Karl Kesel wraps up this volume of Fantastic Four, and whilst this run will always be a bit of a missed opportunity due to Matt Fraction’s departure and the change in writers, this was still a fun issue that mostly wraps everything up in a way that makes sense. It’s only half of the story though, as we still have to wait a week for the final issue of FF.
The bulk of this issue takes place in the so-called ‘Doomed Universe’, with our Fantastic Four and the alternate reality team having to team up and try and defeat Doom The Annihilating Conqueror, who is finally here and ripping shit up. The two teams try as hard as they can, but DTAC is way too powerful, and he even manages to send Marvel Girl back to her original time period. He’s also able to use the Time/Space Ship to have a peek at the ‘real’ Marvel Universe and see what’s going on there, which is Ant-Man going up against the ‘real’ Doom, which is cause for amusement for this Doom. He views the Marvel Universe as weak, and is going to claim it for his own, so now this guy isn’t just a threat to 1 universe, but all of them. Luckily (it’s not really luck, it’s explained later), just as this point, for some reason DTAC’s headquarters are blown up and he heads off to investigate.
This allows the two FFs to come up with a new plan, and use that machine from last issue to transfer the Doomed FF’s powers to the actual FF, powering them up for 4 minutes before it kills them. The new FF Squared attack DTAC and basically kick his ass, and then, the Doomed FF fly the Space/Time Ship into him, scattering him across, well, space and time, defeating him. But even though DTAC is defeated, there are still issues to be dealt with, as the FF need to give the other team’s powers back before they die. They do die, but for less than a minute, and there is a half-hearted attempt from Kesel to make us actually believe they are dead for a page or too, but we all knew it wasn’t to be.
Basically, the day is saved, but it may not be for the Marvel Universe. Because of the tampering to the FF’s powers, the universal constant of two different Fantastic Fours teaming up to take down DTAC has been broken, which is way over in FF, Scott Lang and his team are on their own. It’s a cool explanation I think, and even though I probably haven’t explained it properly myself, in the comic, it works.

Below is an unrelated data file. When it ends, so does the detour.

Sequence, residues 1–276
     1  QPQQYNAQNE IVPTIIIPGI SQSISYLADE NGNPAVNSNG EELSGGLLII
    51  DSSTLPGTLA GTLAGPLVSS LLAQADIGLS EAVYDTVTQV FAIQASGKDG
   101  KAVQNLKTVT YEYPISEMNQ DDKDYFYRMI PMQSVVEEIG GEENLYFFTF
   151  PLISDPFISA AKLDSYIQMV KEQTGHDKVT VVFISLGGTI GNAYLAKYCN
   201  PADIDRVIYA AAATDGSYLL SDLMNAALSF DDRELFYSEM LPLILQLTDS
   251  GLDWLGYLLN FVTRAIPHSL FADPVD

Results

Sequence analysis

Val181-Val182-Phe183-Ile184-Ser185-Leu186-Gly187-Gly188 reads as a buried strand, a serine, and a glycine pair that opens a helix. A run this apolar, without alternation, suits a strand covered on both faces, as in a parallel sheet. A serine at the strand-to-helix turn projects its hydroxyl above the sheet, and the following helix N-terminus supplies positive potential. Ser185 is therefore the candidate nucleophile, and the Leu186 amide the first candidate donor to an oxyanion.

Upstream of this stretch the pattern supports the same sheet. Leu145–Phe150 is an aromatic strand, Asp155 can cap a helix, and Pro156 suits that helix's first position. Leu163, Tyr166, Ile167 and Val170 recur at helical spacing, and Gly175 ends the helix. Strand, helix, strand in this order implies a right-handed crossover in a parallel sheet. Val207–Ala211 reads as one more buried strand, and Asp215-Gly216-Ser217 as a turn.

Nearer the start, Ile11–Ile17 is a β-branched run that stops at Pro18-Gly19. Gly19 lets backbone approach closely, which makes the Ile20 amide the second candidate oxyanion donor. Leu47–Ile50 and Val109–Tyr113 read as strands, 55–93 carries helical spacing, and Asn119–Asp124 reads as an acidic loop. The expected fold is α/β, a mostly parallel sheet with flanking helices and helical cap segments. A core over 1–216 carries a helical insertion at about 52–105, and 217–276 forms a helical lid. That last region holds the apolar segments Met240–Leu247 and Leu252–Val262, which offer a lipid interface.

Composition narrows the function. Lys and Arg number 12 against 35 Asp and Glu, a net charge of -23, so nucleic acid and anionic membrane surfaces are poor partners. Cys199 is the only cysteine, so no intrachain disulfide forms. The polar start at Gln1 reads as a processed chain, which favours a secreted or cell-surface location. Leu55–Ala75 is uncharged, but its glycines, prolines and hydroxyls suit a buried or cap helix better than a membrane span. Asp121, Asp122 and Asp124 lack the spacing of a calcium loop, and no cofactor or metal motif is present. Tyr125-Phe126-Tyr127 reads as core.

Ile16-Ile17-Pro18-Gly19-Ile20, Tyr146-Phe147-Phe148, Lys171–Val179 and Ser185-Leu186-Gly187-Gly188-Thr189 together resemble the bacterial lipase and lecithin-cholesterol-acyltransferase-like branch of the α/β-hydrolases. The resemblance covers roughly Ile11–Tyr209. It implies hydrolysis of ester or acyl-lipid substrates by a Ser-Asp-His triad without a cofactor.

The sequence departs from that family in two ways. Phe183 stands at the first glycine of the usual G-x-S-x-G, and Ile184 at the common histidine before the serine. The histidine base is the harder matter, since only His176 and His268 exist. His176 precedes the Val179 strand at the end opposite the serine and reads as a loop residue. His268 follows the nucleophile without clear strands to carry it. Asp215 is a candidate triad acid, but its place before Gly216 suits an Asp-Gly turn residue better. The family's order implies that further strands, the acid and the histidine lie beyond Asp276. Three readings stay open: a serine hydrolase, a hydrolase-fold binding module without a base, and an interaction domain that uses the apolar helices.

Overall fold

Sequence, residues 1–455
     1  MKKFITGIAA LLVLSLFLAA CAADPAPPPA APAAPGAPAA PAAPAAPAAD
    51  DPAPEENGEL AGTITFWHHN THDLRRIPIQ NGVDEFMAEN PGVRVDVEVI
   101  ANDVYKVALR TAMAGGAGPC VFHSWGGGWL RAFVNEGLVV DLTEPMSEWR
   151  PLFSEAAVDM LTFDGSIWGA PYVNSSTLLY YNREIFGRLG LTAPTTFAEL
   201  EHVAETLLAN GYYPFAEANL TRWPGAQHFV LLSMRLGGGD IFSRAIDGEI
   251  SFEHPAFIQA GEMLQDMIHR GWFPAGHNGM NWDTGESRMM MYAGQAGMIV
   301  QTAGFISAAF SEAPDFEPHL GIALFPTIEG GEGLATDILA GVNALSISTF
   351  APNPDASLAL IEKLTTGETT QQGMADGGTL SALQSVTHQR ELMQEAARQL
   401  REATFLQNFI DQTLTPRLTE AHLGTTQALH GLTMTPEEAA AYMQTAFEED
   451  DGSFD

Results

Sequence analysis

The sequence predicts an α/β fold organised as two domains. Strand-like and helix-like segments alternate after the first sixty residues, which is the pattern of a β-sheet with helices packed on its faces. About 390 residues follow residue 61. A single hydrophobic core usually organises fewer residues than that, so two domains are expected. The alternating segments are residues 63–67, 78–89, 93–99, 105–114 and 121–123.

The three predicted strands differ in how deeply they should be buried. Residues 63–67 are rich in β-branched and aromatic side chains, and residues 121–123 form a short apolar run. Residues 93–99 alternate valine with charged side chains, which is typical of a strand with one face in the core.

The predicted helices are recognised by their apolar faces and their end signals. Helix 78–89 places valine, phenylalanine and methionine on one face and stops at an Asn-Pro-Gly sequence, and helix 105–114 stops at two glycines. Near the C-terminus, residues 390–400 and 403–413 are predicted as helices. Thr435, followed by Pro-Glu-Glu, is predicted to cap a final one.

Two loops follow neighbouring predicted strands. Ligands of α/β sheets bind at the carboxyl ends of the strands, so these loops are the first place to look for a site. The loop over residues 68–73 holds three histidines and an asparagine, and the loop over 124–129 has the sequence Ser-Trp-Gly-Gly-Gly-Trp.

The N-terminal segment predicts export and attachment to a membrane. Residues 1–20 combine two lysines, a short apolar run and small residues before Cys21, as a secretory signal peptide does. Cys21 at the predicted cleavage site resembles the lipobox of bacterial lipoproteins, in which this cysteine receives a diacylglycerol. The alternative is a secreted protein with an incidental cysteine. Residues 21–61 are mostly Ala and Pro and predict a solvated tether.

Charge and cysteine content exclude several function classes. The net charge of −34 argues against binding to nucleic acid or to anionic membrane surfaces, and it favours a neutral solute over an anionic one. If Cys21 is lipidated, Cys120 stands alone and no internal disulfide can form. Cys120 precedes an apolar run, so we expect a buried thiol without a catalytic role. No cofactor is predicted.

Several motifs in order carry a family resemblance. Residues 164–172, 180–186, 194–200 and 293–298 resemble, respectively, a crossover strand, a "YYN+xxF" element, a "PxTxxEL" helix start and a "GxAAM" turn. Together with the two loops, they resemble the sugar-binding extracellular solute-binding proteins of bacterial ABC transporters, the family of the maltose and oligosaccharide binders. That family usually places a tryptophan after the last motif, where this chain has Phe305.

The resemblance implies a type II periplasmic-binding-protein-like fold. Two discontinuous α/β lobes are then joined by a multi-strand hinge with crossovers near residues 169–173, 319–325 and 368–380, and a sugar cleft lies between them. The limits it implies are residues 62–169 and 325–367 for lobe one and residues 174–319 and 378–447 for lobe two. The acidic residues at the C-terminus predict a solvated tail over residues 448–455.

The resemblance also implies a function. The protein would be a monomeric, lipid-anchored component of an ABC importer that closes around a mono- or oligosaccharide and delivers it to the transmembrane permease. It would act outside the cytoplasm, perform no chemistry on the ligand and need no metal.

The team then finally heads back to their own universe, where they are reunited with Franklin and Val, and meet up with the Old John Storm who’s been hanging around in FF. He touches Johnny, absorbs his memories and realises that he is the one who blew up Doom’s tower to cause that distraction, and so warps off to his own universe to sacrifice himself. It’s all wibbly-wobbly timey-wimey, but it works.
To honour his alternate self’s sacrifice, Johnny has a barbecue on the Moon, and we get a very fun epilogue with the Fantastic Four and the FF just hanging out with The Watcher and Silver Surfer having fun and reflecting on what’s happened. There are a few spoilers for FF #16 here, which is slightly annoying, but it was good character stuff, especially with Johnny Storm and Ant-Man. I also really liked She-Hulk and Thing’s conversation, as well as the stuff with the Watcher and his girlfriend, man, it’s actually going to be emotional when he dies.
The art for this epilogue is from Mike Allred, so I wonder if maybe we’ll see it repeated next week? It was a bit jarring to go from Ienco to Allred, but I don’t think it would have worked with Ienco’s darker style. This was a party, and it needed Allred’s cartoonish style, whereas the big fight scene needed some grittiness.
So, it’s goodbye to this era of the Fantastic Four, I’m excited for FF #16 to explain some of the stuff teased in the Barbecue, and let’s see what James Robinson has up his sleeves for Marvel’s First Family.